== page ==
1). Alienate you (remember you’re now part of the ‘old people’ club).
2). Annoy them because they already feel awkward and insecure and pointing out how they look awkward and insecure won’t make them feel any better or serve as a motivation (again, refer to #1).
3). Cause them to misunderstand the importance of good posture and only associate it with something that ‘old people’ told them to do (and consequently counteract your intention).
4). Not improve their posture.
Some of you may remember being told to “Sit Up Straight” as a child. Most people can even remember the person that told them to do so and the way they said it. In fact, whenever anyone hears that I’m an Alexander Technique teacher and that I educate on postural health, the minute I mention the word, “Posture” it’s an instant trigger that leads to arched backs, trying to illustrate the “Sitting Up Straight” position they were commanded to do in their youth.
The problem with the notion of ‘straight’ is that it isn’t possible. Our spine has a natural curvature. Forcing it into what is thought of as a ‘straight’ position is actually just inflicting tension on the back and compelling it to arch and overextend backwards. This causes tightening and contracting, leading to shortening of the spine. This is the opposite of lengthening, which is what makes our backs appear tall. Additionally, this attempt to ‘sit up straight’ throws the body into disarray as it forces our chest up, shoulders back, head back and down, jaw tight and back tense. We tighten, compress, and shrink; this is the opposite of good posture.
Trying to over-correct a hunched back with an arched back is not the solution. Instead, we want to introduce freedom from tension in our bodies. Instead of ‘straight’, think ‘up’. Think of the head going up like a balloon, and as it lifts up, it creates space within the body.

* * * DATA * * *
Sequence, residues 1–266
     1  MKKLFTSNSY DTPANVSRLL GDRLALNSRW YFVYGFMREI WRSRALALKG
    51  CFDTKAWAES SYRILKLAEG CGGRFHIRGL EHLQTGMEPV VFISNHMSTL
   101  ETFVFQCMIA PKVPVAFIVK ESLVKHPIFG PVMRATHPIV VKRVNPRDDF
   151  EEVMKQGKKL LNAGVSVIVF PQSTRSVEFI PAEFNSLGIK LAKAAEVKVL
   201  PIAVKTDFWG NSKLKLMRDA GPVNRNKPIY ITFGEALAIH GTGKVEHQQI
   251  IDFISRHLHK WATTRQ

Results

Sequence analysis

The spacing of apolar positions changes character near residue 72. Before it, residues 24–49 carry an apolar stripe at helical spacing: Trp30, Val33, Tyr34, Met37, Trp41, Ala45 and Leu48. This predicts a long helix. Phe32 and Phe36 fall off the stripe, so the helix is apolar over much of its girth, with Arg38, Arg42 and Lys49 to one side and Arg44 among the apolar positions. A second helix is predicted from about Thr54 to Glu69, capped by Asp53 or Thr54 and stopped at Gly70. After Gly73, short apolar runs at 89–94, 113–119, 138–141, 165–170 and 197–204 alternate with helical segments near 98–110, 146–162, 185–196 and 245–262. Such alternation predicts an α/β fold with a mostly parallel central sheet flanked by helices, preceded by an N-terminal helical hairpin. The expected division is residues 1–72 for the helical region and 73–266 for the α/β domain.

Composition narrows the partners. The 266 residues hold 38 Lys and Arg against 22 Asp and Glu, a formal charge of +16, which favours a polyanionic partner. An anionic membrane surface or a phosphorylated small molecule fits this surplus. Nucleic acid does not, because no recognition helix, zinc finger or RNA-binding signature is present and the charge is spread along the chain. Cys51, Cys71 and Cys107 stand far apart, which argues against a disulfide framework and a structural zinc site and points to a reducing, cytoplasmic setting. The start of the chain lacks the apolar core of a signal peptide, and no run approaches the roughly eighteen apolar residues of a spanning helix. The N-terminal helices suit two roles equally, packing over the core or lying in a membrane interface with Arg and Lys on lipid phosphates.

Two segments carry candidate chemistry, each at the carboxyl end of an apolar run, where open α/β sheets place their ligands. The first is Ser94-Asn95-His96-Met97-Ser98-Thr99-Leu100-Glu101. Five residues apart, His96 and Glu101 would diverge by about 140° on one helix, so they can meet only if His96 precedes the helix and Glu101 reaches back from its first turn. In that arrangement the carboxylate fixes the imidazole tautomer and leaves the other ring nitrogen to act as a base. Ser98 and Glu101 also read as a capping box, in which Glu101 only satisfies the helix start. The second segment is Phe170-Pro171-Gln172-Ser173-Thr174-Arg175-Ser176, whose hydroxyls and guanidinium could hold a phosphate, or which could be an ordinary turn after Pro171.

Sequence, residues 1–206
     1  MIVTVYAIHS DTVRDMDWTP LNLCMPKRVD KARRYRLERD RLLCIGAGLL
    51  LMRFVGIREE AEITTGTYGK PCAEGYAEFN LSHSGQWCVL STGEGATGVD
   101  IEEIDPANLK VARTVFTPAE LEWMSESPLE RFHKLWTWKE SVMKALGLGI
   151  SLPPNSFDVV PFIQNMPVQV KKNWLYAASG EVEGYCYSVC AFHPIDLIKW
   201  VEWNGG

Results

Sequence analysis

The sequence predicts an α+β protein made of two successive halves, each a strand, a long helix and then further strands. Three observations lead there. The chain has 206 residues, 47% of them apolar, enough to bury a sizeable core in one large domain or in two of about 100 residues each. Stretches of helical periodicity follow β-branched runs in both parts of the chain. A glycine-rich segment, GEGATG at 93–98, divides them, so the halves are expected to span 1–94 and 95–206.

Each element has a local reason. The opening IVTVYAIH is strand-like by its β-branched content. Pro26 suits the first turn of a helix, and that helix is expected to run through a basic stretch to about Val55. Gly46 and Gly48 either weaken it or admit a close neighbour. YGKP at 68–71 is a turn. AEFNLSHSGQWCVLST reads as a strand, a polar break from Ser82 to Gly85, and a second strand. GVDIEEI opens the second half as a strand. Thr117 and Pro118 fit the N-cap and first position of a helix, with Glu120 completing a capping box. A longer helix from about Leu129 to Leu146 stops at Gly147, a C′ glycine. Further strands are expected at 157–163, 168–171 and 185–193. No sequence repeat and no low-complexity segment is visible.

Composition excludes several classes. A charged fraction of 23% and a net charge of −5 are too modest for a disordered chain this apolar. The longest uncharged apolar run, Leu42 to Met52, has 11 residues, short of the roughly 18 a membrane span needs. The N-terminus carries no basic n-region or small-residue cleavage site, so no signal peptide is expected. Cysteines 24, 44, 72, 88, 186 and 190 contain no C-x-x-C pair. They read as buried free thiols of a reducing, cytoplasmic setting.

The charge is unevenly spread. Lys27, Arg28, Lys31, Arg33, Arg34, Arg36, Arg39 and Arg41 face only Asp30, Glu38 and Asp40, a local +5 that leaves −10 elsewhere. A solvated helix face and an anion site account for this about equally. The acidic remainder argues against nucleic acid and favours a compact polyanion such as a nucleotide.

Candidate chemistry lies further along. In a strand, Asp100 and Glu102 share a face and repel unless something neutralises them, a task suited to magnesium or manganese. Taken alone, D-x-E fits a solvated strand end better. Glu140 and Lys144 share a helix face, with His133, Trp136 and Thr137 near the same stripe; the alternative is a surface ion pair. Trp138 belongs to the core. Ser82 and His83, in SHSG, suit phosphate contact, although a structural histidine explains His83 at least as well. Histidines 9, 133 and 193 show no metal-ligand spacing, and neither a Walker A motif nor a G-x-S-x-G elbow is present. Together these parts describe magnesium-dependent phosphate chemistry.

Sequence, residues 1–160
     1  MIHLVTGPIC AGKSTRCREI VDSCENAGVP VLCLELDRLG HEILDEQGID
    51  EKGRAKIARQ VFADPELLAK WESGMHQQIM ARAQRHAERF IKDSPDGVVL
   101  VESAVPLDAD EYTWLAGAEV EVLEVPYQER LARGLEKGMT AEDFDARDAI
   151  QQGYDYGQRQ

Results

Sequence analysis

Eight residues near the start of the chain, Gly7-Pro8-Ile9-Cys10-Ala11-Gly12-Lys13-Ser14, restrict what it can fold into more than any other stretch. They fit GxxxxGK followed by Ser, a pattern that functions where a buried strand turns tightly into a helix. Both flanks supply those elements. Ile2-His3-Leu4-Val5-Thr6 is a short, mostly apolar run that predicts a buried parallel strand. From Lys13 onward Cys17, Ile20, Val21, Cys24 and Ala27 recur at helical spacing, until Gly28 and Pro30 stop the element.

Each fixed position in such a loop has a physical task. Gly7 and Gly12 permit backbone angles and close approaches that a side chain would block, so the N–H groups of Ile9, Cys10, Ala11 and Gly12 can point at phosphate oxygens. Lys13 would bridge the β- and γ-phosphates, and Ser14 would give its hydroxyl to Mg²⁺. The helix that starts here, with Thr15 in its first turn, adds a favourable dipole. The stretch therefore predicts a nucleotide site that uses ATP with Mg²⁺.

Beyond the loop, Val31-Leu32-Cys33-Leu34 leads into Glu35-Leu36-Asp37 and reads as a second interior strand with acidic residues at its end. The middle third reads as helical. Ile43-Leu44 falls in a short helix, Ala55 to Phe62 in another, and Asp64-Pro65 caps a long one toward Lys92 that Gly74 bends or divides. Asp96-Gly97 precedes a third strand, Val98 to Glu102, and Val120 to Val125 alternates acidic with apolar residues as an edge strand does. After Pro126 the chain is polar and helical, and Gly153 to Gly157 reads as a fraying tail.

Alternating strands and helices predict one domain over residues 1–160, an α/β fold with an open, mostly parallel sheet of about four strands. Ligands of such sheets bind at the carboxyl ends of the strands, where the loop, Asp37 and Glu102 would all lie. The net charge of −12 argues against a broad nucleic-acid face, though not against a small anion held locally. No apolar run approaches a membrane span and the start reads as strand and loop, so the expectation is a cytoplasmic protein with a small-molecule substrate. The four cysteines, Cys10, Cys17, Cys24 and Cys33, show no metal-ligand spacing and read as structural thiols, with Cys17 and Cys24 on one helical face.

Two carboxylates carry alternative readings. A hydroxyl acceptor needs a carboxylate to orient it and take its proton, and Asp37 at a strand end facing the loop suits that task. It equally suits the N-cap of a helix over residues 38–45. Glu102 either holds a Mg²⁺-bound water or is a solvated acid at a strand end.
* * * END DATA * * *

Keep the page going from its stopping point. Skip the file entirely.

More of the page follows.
Finding space and freedom in activity is the message we want to send our children. They are already inundated with a plethora of societal pressures, their young bodies deserve to be free of tension.
The first thing we can start by doing for our children, is modeling desired behavior and posture. If you think your child has poor posture, take a look at yourself as you are sitting in a chair. You can’t tell your child to sit up straight, if you are sitting hunched over while you eat, work, or peruse your phone. Next, discuss posture from a scientific standpoint rather than a social one. Look at anatomy books and illustrations of the skeletal system. Compare them with pictures or images of people and ask your child to identify the differences. Familiarize yourself and your children with the term ‘body mapping’, so that you can all understand how the body fits together.
There are a myriad of illnesses associated with a sedentary lifestyle. Instead of sounding like an ‘old person’ and attributing posture to a way of sitting or standing, regard it as a matter of health. Poor posture doesn’t happen over night. It is the accumulation of lifelong habits. It cannot be corrected by simply ‘sitting up straight’. The first step towards improving posture is the recognition of harmful habits that interfere with the body’s optimal functioning. Find an Alexander Technique teacher in your area and consult with them about what you can do for your child and for yourself to improve your postural health.
DeMarco, Terri, and Ken Sidney. “Enhancing children’s participation in physical activity.” Journal of School Health 59, no. 8 (1989): 337–341.
Lenhart, A., Rich Ling, Scott Campbell & Kristen Purcell. “Chapter Three: Attitudes towards Cell Phones.” Pewinternet.org (2010) http://www.pewinternet.org/2010/04/20/chapter-three-attitudes-towards-cell-phones/
Matthews, Charles E., Kong Y. Chen, Patty S. Freedson, Maciej S. Buchowski, Bettina M. Beech, Russell R. Pate, and Richard P. Troiano. “Amount of time spent in sedentary behaviors in the United States, 2003–2004.” American journal of epidemiology 167, no. 7 (2008): 875–881.
McWhorter, J. Wesley, Harvey W. Wallmann, and Patricia T. Alpert. “The obese child: Motivation as a tool for exercise.” Journal of Pediatric Health Care 17, no. 1 (2003): 11–17
Peper, Erik, I-Mei Lin, Richard Harvey, and Jacob Perez. “How Posture Affects Memory Recall and Mood.” Biofeedback 45, no. 2 (2017); 36–41.